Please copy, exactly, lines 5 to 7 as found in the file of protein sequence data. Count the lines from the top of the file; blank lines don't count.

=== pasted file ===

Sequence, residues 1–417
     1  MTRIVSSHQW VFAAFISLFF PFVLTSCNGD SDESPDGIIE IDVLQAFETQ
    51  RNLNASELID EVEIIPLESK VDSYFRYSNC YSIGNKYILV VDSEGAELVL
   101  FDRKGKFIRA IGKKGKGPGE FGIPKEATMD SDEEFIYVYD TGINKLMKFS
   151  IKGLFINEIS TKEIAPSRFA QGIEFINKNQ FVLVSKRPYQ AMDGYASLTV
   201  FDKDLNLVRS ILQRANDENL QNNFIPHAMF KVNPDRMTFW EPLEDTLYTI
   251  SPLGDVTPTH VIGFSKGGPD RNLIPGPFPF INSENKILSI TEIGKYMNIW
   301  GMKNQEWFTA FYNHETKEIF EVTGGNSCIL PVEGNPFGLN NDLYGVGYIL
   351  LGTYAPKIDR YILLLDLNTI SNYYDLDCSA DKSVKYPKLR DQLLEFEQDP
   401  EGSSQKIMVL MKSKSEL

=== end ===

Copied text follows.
   151  IKGLFINEIS TKEIAPSRFA QGIEFINKNQ FVLVSKRPYQ AMDGYASLTV
   201  FDKDLNLVRS ILQRANDENL QNNFIPHAMF KVNPDRMTFW EPLEDTLYTI
   251  SPLGDVTPTH VIGFSKGGPD RNLIPGPFPF INSENKILSI TEIGKYMNIW